Bonus points for winning in a certain number of overs, or restriciting a team to a certain score were also a feature of the competition in recent years.

4. Mercantile Mutual Signs

When Mercantile Mutual started sponsoring the competition in 1992 they introduced large advertising signs positioned around the ground with substantial prize money on offer for any batsmen who could hit them. Steve Waugh was the first pocketing $140,00 and Shane Lee ( yep Brett’s brother) managed the same at Manuka Oval in Canberra earning himself $90,000. According to Greg Matthews (so take this with a large helping of salt) Mercantile Mutual wanted to put a hole in the sign where the white circle was located and offer $1million for hitting a ball through the hole but the Australian Cricket Board said no.

The Mercantile Mutual sign hit by Shane Lee.
The Mercantile Mutual sign hit by Shane Lee. Note the white circle.

When Mercantile Mutual changed to ING the tradition continued with $50,000 offered for a sign hit. In 2003, Graham Manou and Andy Flower, during his stint at South Australia, both saluted. In a crowd friendly innovation during these years $100 was also on offer to any spectator who caught a six.

3. Canberra Comets

Happy Comets: Merv Hughes celebrates with Brad Haddin
Happy Comets: Merv Hughes celebrates with Brad Haddin

In 1997 The Canberra Comets were added to the Mercantile Mutual Cup but not the Sheffield Shield. Their playing list consisted of ex-Test players Merv Hughes and Mike Velletta brought out of retirement, journeyman domestic cricketers Rod Tucker (now a test umpire), local legend Peter Solway and a host of youngsters: Stuart Karpinen (Australian strength and conditioning coach), Mark Higgs (ODI spinner) and some 20 year old wicketkeeper called Brad Haddin.

Not even close: Rod Tucker with the Mercantile Mutual trophy
Not even close: Rod Tucker with the Mercantile Mutual Cup trophy

The Comets best effort was beating Victoria in Bendigo with the Victorian team featuring Dean Jones, Brad Hodge, Ian Harvey and Damien Flemming amongst others. After three highly unsuccessful seasons, winning only 2 of 18 games, the Comets were jettisoned from the one day competition but they continue to have a team in the Futures League – the state 2nd XI competition .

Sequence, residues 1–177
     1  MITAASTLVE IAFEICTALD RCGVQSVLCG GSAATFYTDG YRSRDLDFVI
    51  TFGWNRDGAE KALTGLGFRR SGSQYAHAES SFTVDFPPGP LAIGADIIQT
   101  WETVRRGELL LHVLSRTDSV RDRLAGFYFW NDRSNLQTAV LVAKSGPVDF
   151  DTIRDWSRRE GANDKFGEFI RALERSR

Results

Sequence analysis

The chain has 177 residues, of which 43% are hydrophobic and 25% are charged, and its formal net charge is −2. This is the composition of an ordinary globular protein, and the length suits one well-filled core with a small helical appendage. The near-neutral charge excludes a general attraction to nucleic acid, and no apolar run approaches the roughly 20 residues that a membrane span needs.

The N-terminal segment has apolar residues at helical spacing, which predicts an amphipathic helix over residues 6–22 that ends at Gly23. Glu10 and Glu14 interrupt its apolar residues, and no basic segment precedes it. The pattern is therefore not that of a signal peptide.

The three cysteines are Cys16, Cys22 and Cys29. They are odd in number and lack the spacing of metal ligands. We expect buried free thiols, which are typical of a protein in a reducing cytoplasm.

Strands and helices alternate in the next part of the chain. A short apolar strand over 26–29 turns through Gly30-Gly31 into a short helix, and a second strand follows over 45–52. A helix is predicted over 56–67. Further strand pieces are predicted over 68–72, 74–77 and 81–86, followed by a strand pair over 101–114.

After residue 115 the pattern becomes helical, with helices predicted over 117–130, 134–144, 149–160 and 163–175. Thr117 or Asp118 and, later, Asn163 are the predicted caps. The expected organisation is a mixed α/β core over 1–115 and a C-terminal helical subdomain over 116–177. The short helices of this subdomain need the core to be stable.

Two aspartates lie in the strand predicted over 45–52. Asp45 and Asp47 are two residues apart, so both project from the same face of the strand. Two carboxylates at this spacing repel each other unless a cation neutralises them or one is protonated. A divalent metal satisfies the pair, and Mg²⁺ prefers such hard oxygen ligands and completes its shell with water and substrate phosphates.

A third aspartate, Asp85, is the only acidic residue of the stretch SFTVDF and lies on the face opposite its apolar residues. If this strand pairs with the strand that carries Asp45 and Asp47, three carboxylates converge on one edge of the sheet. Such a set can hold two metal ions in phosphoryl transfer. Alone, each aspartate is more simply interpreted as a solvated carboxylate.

2. Victoria in shorts

In one of the more unusual decisions, Victoria decided to add shorts to their official playing attire for one day games in the 1994/95 season. Not all players took up the offer and the idea was put to bed at the end of the season. Photographic evidence was incredibly hard to come by but just imagine sliding around in the field in a pair of shorts.

1. Split innings

There are rule changes and then there are rule changes. Perhaps tryng to pre-empt calls for two innngs t20 to replace 50 over games at international level Cricket Australia went for a split innings format with each team facing 45 overs in two blocks – first each team faced 20 overs then they both faced 25 overs but it was only one innings “suspended” while the other team batted. Make sense? There was 1 point on offer to the team with the most runs after 20 overs and 4 points for the overall winner. It only lasted one season with Victoria beating Tasmania in the final.


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Ross Slater

Blogging about the important things - AFL and cricket

One thought on “Domestic One Day Cricket Innovations”

  1. Good job Slats, I remember the game in Bendigo drove up from Swan Hill with my dad & sister. Huff Daddy’s mate Wrigglesworth was the designated bowler.

    Also remember the shorts, can’t believe they didn’t catch on.